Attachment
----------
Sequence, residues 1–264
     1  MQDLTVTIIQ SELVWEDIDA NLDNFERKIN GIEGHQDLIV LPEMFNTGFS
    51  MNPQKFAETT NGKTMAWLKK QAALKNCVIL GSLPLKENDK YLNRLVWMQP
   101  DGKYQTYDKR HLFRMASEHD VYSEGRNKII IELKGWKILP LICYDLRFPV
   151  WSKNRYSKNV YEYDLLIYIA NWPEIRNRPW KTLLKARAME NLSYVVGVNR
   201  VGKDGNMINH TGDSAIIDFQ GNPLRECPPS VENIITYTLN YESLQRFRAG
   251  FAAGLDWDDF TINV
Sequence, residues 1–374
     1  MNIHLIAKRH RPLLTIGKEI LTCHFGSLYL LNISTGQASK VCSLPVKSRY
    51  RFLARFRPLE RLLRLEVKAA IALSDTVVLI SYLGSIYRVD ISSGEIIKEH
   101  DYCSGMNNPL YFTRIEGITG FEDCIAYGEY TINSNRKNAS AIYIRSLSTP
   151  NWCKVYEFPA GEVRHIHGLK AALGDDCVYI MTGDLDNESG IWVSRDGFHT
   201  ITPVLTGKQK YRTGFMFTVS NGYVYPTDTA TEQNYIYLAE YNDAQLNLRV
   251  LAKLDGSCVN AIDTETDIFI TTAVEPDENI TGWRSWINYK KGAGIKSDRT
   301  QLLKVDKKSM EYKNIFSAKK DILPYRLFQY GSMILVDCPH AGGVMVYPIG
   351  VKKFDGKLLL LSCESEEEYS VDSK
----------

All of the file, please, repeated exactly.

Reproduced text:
Sequence, residues 1–264
     1  MQDLTVTIIQ SELVWEDIDA NLDNFERKIN GIEGHQDLIV LPEMFNTGFS
    51  MNPQKFAETT NGKTMAWLKK QAALKNCVIL GSLPLKENDK YLNRLVWMQP
   101  DGKYQTYDKR HLFRMASEHD VYSEGRNKII IELKGWKILP LICYDLRFPV
   151  WSKNRYSKNV YEYDLLIYIA NWPEIRNRPW KTLLKARAME NLSYVVGVNR
   201  VGKDGNMINH TGDSAIIDFQ GNPLRECPPS VENIITYTLN YESLQRFRAG
   251  FAAGLDWDDF TINV
Sequence, residues 1–374
     1  MNIHLIAKRH RPLLTIGKEI LTCHFGSLYL LNISTGQASK VCSLPVKSRY
    51  RFLARFRPLE RLLRLEVKAA IALSDTVVLI SYLGSIYRVD ISSGEIIKEH
   101  DYCSGMNNPL YFTRIEGITG FEDCIAYGEY TINSNRKNAS AIYIRSLSTP
   151  NWCKVYEFPA GEVRHIHGLK AALGDDCVYI MTGDLDNESG IWVSRDGFHT
   201  ITPVLTGKQK YRTGFMFTVS NGYVYPTDTA TEQNYIYLAE YNDAQLNLRV
   251  LAKLDGSCVN AIDTETDIFI TTAVEPDENI TGWRSWINYK KGAGIKSDRT
   301  QLLKVDKKSM EYKNIFSAKK DILPYRLFQY GSMILVDCPH AGGVMVYPIG
   351  VKKFDGKLLL LSCESEEEYS VDSK